input gain knob. granted, that gain stage is special but i am pretty happy to have it,
    so i can mix filter tones with filtered tones.
  • my first audio (exp) vca was a doepfer standard, which has 2 audio inputs with
    corresponding level controls. and that mixer in a vca is the very reason i never sold that
  • most of the oscillators i know do have inputs. no matter how those input jacks are labeled,
    you can and should try to feed audio signals into them. (be aware of the accepted voltage range, though)

a rather general observation:

  • there seem to be several and different ‘modular patch paradigms’ out there.
  • some of them seem to be strickter than others, each of them results in certain
    restrictions as well as possibilities presented to the artist.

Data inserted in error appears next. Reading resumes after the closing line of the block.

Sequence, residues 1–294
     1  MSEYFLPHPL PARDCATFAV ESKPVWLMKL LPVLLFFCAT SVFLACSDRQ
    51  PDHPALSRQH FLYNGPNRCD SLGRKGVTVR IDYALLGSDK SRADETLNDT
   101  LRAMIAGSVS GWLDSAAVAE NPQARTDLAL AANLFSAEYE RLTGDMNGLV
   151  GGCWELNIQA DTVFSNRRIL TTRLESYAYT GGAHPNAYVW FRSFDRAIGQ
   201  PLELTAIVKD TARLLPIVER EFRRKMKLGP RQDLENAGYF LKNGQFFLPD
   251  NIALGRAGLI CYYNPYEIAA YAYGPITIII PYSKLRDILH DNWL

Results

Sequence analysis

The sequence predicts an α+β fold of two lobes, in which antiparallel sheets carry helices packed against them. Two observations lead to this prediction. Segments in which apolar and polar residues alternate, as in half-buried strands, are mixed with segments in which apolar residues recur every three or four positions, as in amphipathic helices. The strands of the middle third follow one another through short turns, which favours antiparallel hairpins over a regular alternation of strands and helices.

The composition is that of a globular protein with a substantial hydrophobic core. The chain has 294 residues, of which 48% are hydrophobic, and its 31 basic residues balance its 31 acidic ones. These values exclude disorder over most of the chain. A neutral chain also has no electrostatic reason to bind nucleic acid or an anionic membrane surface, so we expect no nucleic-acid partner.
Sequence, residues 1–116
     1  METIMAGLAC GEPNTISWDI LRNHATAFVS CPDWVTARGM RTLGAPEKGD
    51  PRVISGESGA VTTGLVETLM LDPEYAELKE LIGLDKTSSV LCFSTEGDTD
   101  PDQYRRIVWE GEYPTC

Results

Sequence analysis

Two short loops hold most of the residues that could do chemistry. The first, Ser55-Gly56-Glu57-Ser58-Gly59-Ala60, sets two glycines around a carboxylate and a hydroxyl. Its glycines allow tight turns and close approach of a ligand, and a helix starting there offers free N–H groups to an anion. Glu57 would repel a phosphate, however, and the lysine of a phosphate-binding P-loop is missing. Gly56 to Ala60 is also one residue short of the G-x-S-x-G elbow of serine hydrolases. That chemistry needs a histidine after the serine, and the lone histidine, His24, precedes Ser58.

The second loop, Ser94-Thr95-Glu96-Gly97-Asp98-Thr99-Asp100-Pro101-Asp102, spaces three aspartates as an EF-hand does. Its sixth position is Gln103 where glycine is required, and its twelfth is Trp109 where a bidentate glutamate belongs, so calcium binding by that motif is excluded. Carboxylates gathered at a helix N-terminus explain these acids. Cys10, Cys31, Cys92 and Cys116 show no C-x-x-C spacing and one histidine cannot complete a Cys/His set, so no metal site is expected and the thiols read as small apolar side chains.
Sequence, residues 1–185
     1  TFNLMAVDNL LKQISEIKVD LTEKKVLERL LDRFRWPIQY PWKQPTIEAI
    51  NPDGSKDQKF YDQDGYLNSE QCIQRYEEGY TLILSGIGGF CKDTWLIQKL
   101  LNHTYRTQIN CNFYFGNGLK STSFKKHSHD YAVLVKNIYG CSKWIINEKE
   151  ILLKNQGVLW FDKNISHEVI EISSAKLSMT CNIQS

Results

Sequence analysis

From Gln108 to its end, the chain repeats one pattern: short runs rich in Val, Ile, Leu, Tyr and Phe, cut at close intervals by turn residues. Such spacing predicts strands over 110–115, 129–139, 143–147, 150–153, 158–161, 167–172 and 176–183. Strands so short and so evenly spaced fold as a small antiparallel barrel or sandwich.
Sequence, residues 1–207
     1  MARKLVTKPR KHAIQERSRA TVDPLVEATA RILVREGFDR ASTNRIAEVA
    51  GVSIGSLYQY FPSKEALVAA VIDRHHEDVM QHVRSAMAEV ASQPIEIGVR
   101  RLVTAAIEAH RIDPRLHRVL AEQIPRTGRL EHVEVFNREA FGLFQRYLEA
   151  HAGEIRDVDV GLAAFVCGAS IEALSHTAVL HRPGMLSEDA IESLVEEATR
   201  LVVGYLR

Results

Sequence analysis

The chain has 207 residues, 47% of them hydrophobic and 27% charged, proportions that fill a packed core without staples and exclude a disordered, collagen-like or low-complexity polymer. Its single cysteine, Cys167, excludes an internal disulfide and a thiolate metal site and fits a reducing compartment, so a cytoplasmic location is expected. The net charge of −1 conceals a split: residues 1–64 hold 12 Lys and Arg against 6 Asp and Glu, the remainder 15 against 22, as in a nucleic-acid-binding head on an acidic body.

• i AM a big fan of restrictions in artistic processes. i’d even say that
    restrictions/selections are necessary conditions for artworks.
  • though i’d rather prefer selfimposed restrictions

in modular space you can choose to (mainly) build a system
where signals flow from left to right
for instance @rdevine1 explained such a choice for one
of his live setups:

you can make this kind of choices pragmatically, arbitrary
or even almost religiously (east coast /west coast anybody?)

in case of the er301 the seemingly left-to-right signal flow in the ui seems to be unavoidable
due to the given size of the machine. but since custom controls
on every unit (!) and the

we’ve gotten pretty close to the infinite possibilities of a rather minimalistic modular patching approach: it’s all about voltage and its control.